DCA-ROCguy From United States of America, joined Apr 2000, 4420 posts, RR: 35 Posted (12 years 11 months 1 week 4 days 9 hours ago) and read 1958 times:
What would the effects of the proposed AA buyout of TWA (best article so far is today's headliner at www.washingtonpost.com, consult it before writing) on your hometown? I've written elsewhere that it's considerably less dangerous from a consumer standpoint than UA-US as proposed, and it's thus more likely to be approved. So how would things shake out at your hometown?
Here's how Rochester, New York ROC would look:
ROC today (est.):
US Airways, 30 jet flights/ 20 regionals, 44 pecent of traffic
United Airlines, 7 jet flights, 7 regionals, 13 percent of traffic
American Airlines, 5 jet flights, 16 regionals, 10 percent of traffic
Delta Air Lines, 5 jet flights, 7 regionals, 9 percent of traffic
Continental Airlines, 1 Jet flight, 22 regionals, 9 percent of traffic
JetBlue Airways, 5 jet flights, 8 percent of traffic
Northwest Airlines, 5 jet flights, 2 regionals, 5 percent of traffic
Remainder 2 percent: Midway Airlines, 3 regionals;
Air Alliance, 4 regionals.
Post AA-UA-US-TW, again estimated:
United: 33 jet flights, 27 regionals, 51 percent of traffic;
American: 5 jet flights, 16 regionals, 10 percent of traffic
Delta: 5 jets, 7 regionals, 9 percent of traffic
Continental: 1 jet, 22 regionals, 9 percent of traffic
JetBlue: 5 jets, 8 percent of traffic
Northwest: 5 jets, 2 regionals, 5 percent of traffic
DC Air: 1 jet 2 regionals, 3 percent of traffic;
Remainder 2 percent--Midway 3 regionals, Air Alliance 4 regionals.
Doesn't look any different from UA-US, but keep in mind DL-CO and AA-NW would certainly happen and concentrate their blocs together if UA-US went through as proposed.
But with the AA-Big 5 scenario, with five large carriers remaining in the US, the carriers at ROC remain largely separate entities. The low-fare carriers would still be here, unlike if a SuperBig 3 went through. JetBlue's position is in less danger, as are Southwest's and AirTran's in neighboring Buffalo, which have reduced fares some on similar routes in Rochester.
All around, AA-Big 5 wouldn't pose near the oligopoly-concentration and further fare-gouging danger to Rochester as UA-US-SuperBig 3 would. It's worth considering from the standpoint of this medium-size market. How about your market?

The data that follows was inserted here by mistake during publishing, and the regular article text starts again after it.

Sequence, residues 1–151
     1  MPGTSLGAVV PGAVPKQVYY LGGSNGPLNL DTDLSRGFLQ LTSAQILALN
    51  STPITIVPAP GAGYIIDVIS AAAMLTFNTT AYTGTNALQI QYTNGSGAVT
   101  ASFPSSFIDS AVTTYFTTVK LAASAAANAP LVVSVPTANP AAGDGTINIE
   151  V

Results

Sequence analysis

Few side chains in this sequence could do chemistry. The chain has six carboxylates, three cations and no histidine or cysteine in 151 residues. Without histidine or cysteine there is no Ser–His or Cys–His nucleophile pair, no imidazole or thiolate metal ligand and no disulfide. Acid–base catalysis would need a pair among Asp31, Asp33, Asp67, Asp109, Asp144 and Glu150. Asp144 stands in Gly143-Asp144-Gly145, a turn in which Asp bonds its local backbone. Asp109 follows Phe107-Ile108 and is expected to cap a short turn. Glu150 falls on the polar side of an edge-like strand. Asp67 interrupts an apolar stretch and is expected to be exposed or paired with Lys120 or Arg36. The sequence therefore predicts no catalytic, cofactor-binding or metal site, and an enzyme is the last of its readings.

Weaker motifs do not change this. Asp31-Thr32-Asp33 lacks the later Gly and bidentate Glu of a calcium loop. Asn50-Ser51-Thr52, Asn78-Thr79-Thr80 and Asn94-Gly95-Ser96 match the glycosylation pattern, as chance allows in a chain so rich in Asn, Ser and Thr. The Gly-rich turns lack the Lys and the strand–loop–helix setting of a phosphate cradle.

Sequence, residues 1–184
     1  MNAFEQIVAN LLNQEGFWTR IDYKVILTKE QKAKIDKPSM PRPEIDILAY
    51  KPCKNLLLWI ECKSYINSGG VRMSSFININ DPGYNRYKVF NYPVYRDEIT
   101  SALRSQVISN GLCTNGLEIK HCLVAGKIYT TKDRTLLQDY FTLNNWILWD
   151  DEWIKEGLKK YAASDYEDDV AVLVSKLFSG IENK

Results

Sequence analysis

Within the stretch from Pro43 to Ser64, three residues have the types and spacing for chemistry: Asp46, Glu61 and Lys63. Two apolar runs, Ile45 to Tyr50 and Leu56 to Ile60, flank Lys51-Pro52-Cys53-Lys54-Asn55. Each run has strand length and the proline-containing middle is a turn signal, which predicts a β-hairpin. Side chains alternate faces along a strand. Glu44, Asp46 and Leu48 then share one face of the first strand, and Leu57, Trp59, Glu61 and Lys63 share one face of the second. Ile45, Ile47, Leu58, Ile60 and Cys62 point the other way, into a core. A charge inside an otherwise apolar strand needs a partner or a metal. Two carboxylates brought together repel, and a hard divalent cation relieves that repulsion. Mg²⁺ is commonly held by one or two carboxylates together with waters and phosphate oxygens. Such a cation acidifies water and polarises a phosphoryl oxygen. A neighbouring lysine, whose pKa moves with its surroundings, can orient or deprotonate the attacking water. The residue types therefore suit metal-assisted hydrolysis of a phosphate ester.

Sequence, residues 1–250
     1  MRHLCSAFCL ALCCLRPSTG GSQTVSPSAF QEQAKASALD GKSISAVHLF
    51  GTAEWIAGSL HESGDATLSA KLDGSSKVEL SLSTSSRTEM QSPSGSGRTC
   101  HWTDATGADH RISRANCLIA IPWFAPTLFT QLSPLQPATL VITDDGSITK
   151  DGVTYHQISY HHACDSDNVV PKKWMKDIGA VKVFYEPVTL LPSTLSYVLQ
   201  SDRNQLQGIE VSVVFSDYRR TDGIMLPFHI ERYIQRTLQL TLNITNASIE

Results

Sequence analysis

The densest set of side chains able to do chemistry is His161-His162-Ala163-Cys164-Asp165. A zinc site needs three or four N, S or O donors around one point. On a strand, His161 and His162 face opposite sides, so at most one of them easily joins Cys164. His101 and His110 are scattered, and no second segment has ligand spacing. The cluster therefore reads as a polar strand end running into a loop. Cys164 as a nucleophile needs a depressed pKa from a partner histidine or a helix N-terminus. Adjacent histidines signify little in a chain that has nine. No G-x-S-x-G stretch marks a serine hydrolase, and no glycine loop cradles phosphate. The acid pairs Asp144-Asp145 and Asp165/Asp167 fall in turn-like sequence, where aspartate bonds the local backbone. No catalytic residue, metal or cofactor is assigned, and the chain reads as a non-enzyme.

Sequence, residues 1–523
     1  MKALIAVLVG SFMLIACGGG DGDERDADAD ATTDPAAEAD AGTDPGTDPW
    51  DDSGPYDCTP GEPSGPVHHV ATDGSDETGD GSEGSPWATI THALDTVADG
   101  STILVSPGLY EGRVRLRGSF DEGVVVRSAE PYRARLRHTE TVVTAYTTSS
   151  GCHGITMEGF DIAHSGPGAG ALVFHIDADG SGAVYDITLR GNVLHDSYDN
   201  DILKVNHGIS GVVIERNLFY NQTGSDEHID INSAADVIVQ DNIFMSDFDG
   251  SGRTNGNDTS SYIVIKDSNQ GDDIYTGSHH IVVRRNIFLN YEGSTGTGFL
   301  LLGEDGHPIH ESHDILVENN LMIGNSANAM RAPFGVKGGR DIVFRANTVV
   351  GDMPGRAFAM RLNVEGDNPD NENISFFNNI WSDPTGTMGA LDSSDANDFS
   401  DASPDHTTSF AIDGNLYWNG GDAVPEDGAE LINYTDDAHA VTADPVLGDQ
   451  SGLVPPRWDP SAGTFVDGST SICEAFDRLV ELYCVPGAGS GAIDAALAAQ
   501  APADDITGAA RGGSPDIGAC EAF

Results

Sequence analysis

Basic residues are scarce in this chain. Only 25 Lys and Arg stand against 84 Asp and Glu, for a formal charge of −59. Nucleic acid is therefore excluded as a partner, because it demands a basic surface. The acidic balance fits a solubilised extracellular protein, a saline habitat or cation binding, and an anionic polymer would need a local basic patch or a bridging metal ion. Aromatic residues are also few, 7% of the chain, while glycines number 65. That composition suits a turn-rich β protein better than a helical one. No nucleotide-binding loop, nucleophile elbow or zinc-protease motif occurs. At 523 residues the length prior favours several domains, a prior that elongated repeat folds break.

Airwaysdc9 From United States of America, joined May 1999, 204 posts, RR: 3 Reply 1, posted (12 years 11 months 1 week 4 days 9 hours ago) and read 1883 times:
Did you read the rest of that article?
AA is also purchasing 49% of DC-Air
AA is also purchasing 1/2 of the US Airways shuttle
(UAL/AA will fly them on alternating hours)
AA is also purchasing hub-to-hub routes UAL/US
AA is also purchasing roughly 20% of US Airways in the form of F100s, MD80s, and 757s
I believe that the AA/TWA merger was carefully planned to take advantage of the US Airways/UAL merger being approved and, now, virtually every one of the DOJ's concerns about US/UAL being put to rest.
Additionally, even though TWA/AA does NOT effect Rochester, I believe it would have a SIGNIFICANT effect on small cities - some the SIZE of Rochester - in the midwestern US where there would be one less competitor. I admire your loyalty to your region, but your logic is slightly flawed...If you have arguments against US/UAL in ROC...then it stands to reason that those same arguments might take place in Des Moines, IA or other small markets in the midwest that rely upon TWA as an added competitor.
Keep in mind I disagree with your argument - but I believe that you have to apply it in this situation as well if you choose to use it.
TWFirst From Vatican City, joined Apr 2000, 6346 posts, RR: 52 Reply 2, posted (12 years 11 months 1 week 4 days 9 hours ago) and read 1878 times:
I completely agree with you. Nobody here has really talked about the rest of the AA deal (DCAir, USAirways Shuttle), which helps paint the rest of the picture. Make no mistake about it everybody, this whole thing represents part of the biggest shake-up in the US commerical aviation industry since deregulation.
DCA-ROCguy From United States of America, joined Apr 2000, 4420 posts, RR: 35 Reply 4, posted (12 years 11 months 1 week 4 days 8 hours ago) and read 1861 times:
Your recent pattern of simply attacking the persons of US-UA opponents, instead of demonstrating a coherent understanding of our arguments is kind of embarrassing, AirwaysDC9. It's probably satisfying to slash at opponents (the way, say, James Carville does) given that hostility, rather than discussion, has become your purpose in discussing UA-US. It sure isn't very convincing though, and raises questions about your interests. But we won't go there.
First, you're well aware that I post on discussions of this topic. Since rebutting me rather forcefully is a big concern of yours, it would make sense to check other threads first for pensee's by yours truly that would answer questions this post didn't (and wasn't intended to). But since you obviously didn't, preferring as usual to come out fangs bared without relavant facts, I'll need to sum up again.